New York Crumb Cake

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I recently decided to make a crumb cake for my parents. They are both big fans. Anybody from New Jersey or New York knows that you need the right crumb to cake ratio for a successful crumb cake (apx 2/3 crumbs to 1/3 cake); this is something that many bakeries down the shore and up north have mastered. Crumb cake is one item I was surprised we didn’t have a family recipe for. We only have a variation that includes ricotta for a crumb/cheese cake. After searching around the internet for a bit I thought Martha Stewart’s recipe for New York Crumb Cake looked like it would be great for experimenting.

New York Crumb Cake
Recipe from Martha Stewart
Yield: Makes one 9″ by 12 1/2″ cake

2 Tbs canola oil, plus more for pan
4 Cups all-purpose flour, plus more for pan
1/2 Cup granulated sugar
2 1/2 tsp baking powder
1/2 tsp salt
1 large egg
1/2 Cup milk
2 tsp pure vanilla extract
1 Cup packed light-brown sugar
1 1/2 tsp ground cinnamon
1 Cup (2 sticks) unsalted butter, melted and cooled
Confectioners’ sugar, for dusting

Place rack in center of oven, and heat oven to 325 degrees. Lightly brush a 9-by-12 1/2-inch baking pan with canola oil, dust with flour, and tap to remove excess. Set aside. In a medium bowl, sift together 1 1/2 cups flour, granulated sugar, baking powder, and salt; set aside. In a second bowl, whisk together egg, milk, canola oil, and vanilla. Using a rubber spatula, fold dry ingredients into egg mixture.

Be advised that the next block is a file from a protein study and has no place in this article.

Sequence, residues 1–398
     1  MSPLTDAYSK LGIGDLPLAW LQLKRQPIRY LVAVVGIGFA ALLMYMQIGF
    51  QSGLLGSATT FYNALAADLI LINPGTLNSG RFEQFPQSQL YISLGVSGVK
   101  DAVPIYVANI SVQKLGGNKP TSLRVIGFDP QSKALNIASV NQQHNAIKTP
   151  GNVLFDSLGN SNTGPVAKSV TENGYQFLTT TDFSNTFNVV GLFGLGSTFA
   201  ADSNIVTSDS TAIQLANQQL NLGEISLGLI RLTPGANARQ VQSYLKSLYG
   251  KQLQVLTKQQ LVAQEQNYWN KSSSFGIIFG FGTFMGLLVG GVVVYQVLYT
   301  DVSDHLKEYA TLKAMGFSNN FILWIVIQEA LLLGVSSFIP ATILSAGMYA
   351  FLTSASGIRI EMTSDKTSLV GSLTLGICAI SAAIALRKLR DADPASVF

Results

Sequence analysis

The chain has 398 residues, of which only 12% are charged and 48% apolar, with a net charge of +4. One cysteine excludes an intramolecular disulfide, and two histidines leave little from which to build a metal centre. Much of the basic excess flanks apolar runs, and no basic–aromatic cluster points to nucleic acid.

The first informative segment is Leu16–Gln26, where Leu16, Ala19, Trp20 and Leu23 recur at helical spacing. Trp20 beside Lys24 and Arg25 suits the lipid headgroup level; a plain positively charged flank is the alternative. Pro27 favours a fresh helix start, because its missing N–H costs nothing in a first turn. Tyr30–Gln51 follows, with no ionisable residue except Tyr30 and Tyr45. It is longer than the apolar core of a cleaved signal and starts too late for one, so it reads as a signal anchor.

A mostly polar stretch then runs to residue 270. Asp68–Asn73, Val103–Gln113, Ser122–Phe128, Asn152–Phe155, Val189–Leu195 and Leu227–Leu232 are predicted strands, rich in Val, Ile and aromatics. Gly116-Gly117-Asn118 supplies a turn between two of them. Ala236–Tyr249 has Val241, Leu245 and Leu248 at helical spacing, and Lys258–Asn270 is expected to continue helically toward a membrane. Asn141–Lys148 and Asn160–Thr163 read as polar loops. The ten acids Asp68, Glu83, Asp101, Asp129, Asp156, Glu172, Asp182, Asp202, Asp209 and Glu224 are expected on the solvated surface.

Spread batter evenly into prepared pan, and set aside. In a medium bowl, combine remaining 2 1/2 cups flour, brown sugar, and cinnamon. Pour melted butter over flour mixture, and toss with a rubber spatula until large crumbs form. (Tracie’s note: You may want to work with your fingers a bit at the end to make sure you combine the mixture into as many large crumbs as possible. Any small crumbles will just fall right off of the cake and the rubber spatula will leave you with a lot of useless tiny crumbles.) Sprinkle crumbs over batter.

Transfer pan to oven, and bake, rotating pan after 10 minutes. Continue baking until a cake tester comes out clean, about 10 minutes more.

Transfer baking pan to a wire rack to cool. Dust with confectioners’ sugar. Using a serrated knife or bench scraper, cut into 3-inch squares. Store in an airtight container for up to 3 days.

I think the cake portion was pretty excellent; I could tell even as I spread the batter into the pan. The crumbs were okay, but something seemed a bit off with the consistency. Not sure if it was too much sugar, maybe? I think they will need a little more experimenting next go around. Overall, I think the recipe is a keeper.

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